He went to the woods to live profitably


In 1969, Wallace Kaufman, then a young college professor, paid $75,000 for 330 acres of streamside woods 15 miles outside of Chapel Hill, North Carolina. He wanted to divide the land into house lots and build a home for himself in its choicest hollow. Inspired by the nascent environmental movement, he planned to show that development is not necessarily destructive and that Americans can live on the land without abusing it.

"Coming Out of the Woods" is his account, alternatively rueful and tendentious, of the mixed success of his venture. Though he got to live in the woods, and made a nice profit, he didn't construct an earthly paradise, and nature, in the form of Hurricane Fran, had the last laugh.

Throughout the book, Kaufman contrasts his straight-ahead, hands-on approach to household ecology with the woozy and druidical strain of environmentalism that originates, he argues, with Thoreau's "Walden: A Life in the Woods."

His adventures with roadbuilding, well-digging, and gardening teach him that civilization, not wildness, "is the preservation of the world." Thoreau got it wrong: Nature is about hard choices, not the growth of the spirit.

It's doubtful that Thoreau intended "Walden" to become a bible for real estate developers. Indeed, Kaufman appears less as a "maverick naturalist" than a born-again suburbanite, attracted to the woods primarily for the privacy, security, and Jeffersonian independence they appear to offer.

By the end of the book, he has finished his homemade house, paid off his loans, and quadrupled his personal holdings - milestones, no doubt, of his contest with nature, but of course just the sort of myopic gains that Thoreau mocked.

Although readers may tire quickly of Kaufman's didactic side - his constant care to remind us, for instance, that nature is harsh, that animals are brutes, that disasters are natural, and that trees can and must pay their way - his account remains interesting throughout, primarily because of the rich texture of his experience. He admits, for instance, that he paid too much for the land he divided, and describes precisely how the local agent, a country "pinhooker," took him in. Years later, buoyed by the rise in values surrounding Chapel Hill's burgeoning Research Triangle, he attends an intimate auction of a worn-out farm in a nearby lawyer's office, and his knowing assessment of the handful of other bidders, his neighbors and competitors, is a ripe old story. The author approves of these characters because, unlike Thoreau, they believe that the most important fact concerning any piece of land is the name on the title.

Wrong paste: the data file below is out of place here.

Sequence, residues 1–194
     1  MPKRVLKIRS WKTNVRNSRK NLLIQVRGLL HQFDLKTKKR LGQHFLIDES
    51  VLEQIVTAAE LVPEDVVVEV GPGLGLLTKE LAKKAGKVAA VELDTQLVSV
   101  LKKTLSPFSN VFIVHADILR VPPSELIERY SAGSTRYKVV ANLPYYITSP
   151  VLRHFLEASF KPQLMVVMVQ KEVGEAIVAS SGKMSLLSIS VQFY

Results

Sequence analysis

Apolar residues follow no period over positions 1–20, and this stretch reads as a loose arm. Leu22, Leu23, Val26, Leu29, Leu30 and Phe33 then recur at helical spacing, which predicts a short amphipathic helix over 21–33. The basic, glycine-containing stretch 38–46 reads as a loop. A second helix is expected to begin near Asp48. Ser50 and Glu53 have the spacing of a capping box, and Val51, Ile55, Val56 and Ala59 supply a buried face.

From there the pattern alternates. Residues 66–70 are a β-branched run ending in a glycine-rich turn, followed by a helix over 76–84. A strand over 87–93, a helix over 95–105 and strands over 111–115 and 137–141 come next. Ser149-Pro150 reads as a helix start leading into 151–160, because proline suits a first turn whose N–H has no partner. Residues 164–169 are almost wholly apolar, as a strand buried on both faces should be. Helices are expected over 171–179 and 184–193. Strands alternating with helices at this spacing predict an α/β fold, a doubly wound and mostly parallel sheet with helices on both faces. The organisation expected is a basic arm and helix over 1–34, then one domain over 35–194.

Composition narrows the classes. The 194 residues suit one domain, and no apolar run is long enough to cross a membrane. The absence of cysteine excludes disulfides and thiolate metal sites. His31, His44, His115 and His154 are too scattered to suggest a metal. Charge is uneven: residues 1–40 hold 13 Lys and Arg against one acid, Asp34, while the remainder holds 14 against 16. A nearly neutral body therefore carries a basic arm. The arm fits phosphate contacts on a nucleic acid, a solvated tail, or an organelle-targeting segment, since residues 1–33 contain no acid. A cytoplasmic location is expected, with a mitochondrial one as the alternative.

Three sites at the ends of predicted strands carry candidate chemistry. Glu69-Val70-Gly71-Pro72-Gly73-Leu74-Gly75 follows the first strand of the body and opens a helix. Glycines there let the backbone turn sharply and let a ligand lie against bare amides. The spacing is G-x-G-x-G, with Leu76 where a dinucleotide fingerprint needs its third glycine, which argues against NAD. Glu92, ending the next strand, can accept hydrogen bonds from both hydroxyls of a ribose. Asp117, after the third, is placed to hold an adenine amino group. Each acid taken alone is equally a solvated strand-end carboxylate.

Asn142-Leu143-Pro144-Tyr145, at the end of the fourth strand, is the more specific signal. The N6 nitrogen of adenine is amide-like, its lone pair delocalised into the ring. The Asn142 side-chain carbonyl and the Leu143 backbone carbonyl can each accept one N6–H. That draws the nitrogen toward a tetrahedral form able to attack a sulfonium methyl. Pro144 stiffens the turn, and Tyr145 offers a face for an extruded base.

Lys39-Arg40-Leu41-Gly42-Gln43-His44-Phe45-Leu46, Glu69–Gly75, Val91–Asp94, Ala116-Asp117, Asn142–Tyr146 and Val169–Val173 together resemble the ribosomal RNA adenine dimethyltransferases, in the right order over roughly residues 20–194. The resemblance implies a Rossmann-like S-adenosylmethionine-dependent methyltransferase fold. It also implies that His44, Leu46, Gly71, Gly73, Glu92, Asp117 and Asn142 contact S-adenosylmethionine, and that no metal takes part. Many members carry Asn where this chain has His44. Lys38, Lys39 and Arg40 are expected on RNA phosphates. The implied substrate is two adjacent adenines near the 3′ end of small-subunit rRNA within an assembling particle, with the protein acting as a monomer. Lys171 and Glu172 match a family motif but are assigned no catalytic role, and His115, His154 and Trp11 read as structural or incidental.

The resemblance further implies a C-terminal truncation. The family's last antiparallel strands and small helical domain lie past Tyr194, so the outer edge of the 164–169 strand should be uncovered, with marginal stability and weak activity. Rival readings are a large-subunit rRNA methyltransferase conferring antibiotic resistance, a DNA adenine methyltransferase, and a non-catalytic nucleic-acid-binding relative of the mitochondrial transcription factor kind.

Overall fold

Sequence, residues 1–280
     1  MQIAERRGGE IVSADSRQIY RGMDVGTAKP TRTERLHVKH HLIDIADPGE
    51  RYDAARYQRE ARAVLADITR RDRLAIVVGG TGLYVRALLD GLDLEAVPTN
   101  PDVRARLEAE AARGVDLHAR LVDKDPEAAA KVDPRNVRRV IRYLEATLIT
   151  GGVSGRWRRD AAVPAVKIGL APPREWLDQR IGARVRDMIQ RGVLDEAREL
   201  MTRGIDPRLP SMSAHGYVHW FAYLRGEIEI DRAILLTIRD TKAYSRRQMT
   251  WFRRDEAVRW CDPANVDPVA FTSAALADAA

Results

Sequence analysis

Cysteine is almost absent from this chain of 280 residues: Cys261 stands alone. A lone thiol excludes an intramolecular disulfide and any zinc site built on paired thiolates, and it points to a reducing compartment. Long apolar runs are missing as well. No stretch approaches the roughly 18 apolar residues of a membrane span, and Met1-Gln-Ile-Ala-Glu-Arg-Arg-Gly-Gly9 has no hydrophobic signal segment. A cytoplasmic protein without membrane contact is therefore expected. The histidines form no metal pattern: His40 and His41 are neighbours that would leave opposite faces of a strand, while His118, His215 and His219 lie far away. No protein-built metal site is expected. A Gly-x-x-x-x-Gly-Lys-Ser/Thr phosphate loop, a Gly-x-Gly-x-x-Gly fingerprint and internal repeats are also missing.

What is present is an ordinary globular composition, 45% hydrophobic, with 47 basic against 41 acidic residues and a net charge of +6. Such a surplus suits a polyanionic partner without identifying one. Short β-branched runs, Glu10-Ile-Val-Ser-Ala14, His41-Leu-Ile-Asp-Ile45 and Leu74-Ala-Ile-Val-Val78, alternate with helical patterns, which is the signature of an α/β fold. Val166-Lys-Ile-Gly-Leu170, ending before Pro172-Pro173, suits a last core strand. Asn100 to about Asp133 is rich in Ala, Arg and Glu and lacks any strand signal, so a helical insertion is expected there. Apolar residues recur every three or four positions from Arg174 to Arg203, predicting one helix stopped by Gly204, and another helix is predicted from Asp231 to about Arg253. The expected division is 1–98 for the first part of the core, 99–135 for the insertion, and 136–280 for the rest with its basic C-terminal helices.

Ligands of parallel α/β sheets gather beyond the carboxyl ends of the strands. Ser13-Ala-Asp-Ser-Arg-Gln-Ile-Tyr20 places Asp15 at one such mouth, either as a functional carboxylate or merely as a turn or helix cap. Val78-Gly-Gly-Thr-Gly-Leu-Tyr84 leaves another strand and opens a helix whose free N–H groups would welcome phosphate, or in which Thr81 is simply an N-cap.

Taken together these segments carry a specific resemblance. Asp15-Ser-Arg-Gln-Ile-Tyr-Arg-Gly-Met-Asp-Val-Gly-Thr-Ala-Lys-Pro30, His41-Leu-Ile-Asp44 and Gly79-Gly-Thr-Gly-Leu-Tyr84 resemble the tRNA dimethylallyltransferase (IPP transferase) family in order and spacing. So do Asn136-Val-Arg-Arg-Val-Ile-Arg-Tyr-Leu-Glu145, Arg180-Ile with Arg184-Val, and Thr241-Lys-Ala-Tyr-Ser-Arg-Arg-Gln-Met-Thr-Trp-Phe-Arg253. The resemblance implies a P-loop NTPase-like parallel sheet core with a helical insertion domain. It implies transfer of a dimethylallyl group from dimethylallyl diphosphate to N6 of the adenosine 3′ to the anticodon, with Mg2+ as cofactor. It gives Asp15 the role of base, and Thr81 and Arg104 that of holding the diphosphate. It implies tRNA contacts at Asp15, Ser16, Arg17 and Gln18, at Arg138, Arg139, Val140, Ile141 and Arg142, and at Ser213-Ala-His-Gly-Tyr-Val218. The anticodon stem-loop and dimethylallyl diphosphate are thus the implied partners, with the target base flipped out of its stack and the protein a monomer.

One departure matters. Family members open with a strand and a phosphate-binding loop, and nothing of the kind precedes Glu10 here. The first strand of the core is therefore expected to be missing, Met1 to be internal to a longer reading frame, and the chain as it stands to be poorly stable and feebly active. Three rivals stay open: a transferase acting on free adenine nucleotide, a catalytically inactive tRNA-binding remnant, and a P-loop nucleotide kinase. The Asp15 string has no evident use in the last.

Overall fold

I don't know if Kaufman deserves to be called a naturalist. He claims incorrectly that snakes crush their prey, and insists that owl pellets are a kind of excrement. The tiny fish that nibble his toes in rock-bottomed Morgan Creek are never identified by species. But like the hill farmers who preceded him, he learns what he has to -what mushrooms are safe to eat, how to build a good beehive, and which kind of pine boards will stand up to insects and weather.

Thoreau-lovers can relax. "Coming Out of the Woods" is not going to unseat "Walden," whose fierce and soaring rhetoric will continue to startle and offend. Kaufman is nearer in spirit to Crusoe, more concerned with keeping his goats penned up than with heralding new heavens and earths. That's not to say that this book isn't a good read; it is. Especially if you're thinking of getting a place in the country.

*Thomas Palmer is a freelance writer in Milton, Mass.

(c) Copyright 2000. The Christian Science Publishing Society

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